After completing several projects and exploring a series of different ways of self-reflection (written artist statements, whole class discussion, one-on-one discussion, self-grading, etc.), I will most certainly ask the opinions of my students as to what method they felt was the most helpful for them.  I usually engage in these open, frank dialogs in the last week of school, as my kids are scrubbing desks, scraping paint from sinks and organizing resources.  But, in the future, I would like to make it a bit more formal, so that I can track on their suggestions, implement them the following year, and make a concerted effort not to make the same mistakes twice.

I think a year of blogging will teach me many things.  I hope it will teach me that the blog/web 2.o format has more to offer in its read/write format than affording people the chance to anonymously make an obnoxious comment on a photo!  I hope that readers will take the time to make thoughtful comments that will improve my students’ experience and push the boundaries of my classroom farther and farther out, until there are no boundaries.  Perhaps I am naive in imagining this Utopian place where people come together to share opinions, stories and encouragement, but that won’t stop me from giving it a shot.

Resources

International Society for Technology in Education. (2008). National Eduction Standards for Teachers.  Retrieved from http://www.iste.org/standards/nets-for-teachers/nets-for-teachers-2008.aspx

Laureate Education, Inc. (Executive Producer). (2009). Promoting Self-Directed Learning. Integrating Technology Across the Content Areas. Laureate Education, Inc.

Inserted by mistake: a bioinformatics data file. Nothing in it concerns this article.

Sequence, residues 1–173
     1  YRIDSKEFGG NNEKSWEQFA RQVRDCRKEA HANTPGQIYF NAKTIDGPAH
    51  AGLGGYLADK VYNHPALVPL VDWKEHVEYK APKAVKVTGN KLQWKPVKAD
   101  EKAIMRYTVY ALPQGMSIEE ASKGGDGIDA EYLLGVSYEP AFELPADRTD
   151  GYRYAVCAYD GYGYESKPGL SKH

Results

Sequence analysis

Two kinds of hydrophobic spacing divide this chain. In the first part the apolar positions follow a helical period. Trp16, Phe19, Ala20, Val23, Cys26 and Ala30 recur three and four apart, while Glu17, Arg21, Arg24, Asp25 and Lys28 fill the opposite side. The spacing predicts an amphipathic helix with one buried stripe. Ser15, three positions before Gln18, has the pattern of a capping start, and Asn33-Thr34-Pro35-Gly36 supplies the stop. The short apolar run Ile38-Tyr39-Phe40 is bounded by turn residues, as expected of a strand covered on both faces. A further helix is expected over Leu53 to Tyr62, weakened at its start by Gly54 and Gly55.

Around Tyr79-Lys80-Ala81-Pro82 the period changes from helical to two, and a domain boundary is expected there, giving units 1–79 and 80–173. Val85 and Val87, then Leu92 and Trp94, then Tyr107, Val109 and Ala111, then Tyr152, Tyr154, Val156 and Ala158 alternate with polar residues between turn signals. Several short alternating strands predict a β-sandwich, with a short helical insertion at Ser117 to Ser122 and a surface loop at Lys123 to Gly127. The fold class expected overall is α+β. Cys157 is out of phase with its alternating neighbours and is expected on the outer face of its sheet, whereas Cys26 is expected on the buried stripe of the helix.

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About Megan Boyd

Teacher of Graphic Design I & II as well as Digital Photo. I live in Room B207.
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2 Responses to Put On Your G.A.M.E. Face

  1. Megan,
    I really enjoyed your game plan. It takes real courage to ask high school students their opinion on what was wrong with your lesson or how it could be done better. I do like the idea on posting your students artwork on the internet. This could lead to really big things for your students. Nice job!

  2. Megan Boyd says:

    Thanks, Jeffery!
    I just love my students! High school is definitely the place for me. I have found that rather than loosing confidence in me when I admit I don’t know something, or ask for their feedback on a project, instead it opens up more meaningful lines of communication. I suppose I am more relate-able to them because I am willing to admit I don’t have all the answers! Furthermore, they have given me some fantastic suggestions, ones that are insightful and valuable. Of course, with every pearl of wisdom there is the occasional unproductive comment. But on the whole, my experiences with asking for feedback casually from students have been positive. I would like to step it up a bit more, thought and make the process more efficient!

    Thanks for the compliments!
    Meg